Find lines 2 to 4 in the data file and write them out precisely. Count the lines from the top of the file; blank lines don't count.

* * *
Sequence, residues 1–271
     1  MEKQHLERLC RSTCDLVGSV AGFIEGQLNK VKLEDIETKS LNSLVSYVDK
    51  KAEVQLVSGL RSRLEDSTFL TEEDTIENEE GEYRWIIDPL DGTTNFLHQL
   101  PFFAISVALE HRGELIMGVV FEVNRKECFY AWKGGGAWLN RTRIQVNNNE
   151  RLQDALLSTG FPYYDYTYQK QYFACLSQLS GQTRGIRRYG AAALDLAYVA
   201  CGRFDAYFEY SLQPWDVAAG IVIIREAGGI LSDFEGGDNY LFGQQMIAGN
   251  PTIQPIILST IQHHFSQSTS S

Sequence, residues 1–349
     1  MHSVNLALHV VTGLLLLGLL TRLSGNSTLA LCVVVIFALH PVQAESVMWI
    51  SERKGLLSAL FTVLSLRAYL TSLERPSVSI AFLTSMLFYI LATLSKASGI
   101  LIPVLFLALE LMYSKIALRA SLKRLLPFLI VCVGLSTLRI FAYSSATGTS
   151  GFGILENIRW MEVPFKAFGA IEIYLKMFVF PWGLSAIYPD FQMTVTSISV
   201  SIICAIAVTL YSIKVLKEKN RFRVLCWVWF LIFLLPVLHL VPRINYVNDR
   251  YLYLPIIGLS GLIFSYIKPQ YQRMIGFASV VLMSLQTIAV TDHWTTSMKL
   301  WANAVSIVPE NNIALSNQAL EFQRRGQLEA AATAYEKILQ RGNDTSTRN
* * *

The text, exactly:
     1  MEKQHLERLC RSTCDLVGSV AGFIEGQLNK VKLEDIETKS LNSLVSYVDK
    51  KAEVQLVSGL RSRLEDSTFL TEEDTIENEE GEYRWIIDPL DGTTNFLHQL
   101  PFFAISVALE HRGELIMGVV FEVNRKECFY AWKGGGAWLN RTRIQVNNNE